Although TCS and TCI are routinely prescribed topical treatments for AD in outpatient settings, TCI are often selected for patients who do not respond to TCS and when the proactive approach is not a routinely followed strategy. Available clinical studies neither reflect the common clinical practice nor the need for long-term treatment of AD in the Indian population. A study by Berth-Jones et al [ 10 ] compared different formulations of fluticasone with placebo in a 16-week proactive regimen. After the amelioration in the acute phase, the risk of AD flare was 1.9 times lower with fluticasone ointment than under placebo. Breneman et al [ 11 ] in a randomized study tested the proactive use of tacrolimus 0.03% ointment 3 times weekly in children that showed a longer median flare-free period in the proactive treatment group than in the control group. The differences in the study population, drug application schedule, and study duration make a direct comparison with various drugs a difficult task.
We chose to study TCS and TCI as first-line treatment both for reactive and proactive therapy. We divided our study into 2 phases in order to assess the efficacy and safety of topical treatment in the acute flare-up phase followed by a 4-week maintenance phase. The primary objective of the study was to compare the efficacy of topical preparations of 0.005% fluticasone versus 0.03% tacrolimus ointment in the treatment of AD. The secondary objective was to assess the QoL, to find the association between severity of disease and QoL, and to assess the safety and tolerability of the medications.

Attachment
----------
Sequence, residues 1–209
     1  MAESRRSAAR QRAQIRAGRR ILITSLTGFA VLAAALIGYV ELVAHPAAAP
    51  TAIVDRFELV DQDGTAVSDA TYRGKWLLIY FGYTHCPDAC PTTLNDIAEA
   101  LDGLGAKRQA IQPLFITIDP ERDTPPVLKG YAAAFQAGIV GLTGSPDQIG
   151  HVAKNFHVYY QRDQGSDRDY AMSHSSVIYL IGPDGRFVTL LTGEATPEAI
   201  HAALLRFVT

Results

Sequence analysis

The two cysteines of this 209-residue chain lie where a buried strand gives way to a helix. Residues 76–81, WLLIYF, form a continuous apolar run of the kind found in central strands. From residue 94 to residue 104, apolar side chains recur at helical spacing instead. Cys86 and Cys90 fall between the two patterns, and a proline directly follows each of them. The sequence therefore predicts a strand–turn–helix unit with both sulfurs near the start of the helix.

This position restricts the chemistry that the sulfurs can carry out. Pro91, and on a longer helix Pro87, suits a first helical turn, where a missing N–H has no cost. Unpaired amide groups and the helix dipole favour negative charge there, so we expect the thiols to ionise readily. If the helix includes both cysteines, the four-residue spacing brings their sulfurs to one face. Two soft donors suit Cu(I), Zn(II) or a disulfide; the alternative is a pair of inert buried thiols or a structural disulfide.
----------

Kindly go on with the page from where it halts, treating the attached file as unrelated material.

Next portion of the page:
The present study was an 8-week, prospective, randomized, and an open-label study conducted on 37 children with AD in the Department of Pharmacology in collaboration with the Department of Dermatology, UPUMS Saifai, Etawah. The study was approved by the Institutional Ethics Committee (EC no. 39/2018), and written informed consent from the childrens’ parents was obtained after explaining the nature of the proposed medical intervention and reasonable consequences of their participation in the study.
Thirty-seven children who met the inclusion criteria (age 2–16 years of either gender, meeting the Hanifin-Rajka clinical criteria for the diagnosis of AD [ 12 ] ) were recruited for the study period of 56 days (a 4-week acute flare-up phase followed by a 4-week maintenance phase). Any form of dermatitis other than AD, untreated bacterial, fungal or viral skin lesion, or history of allergic reaction in the past to topical medications employed in this study were excluded. All 37 children were randomly assigned in 1:1 ratio to each group. Group 1 (n = 19) received 0.005% fluticasone ointment twice daily and group 2 (n = 18) received 0.03% tacrolimus ointment once daily at night before sleep. In the maintenance phase (n=35), both groups continued the same topical medication twice weekly on 2 consequent nights at bedtime. Medicines were applied using the fingertip unit (FTU) method [ 13 ] .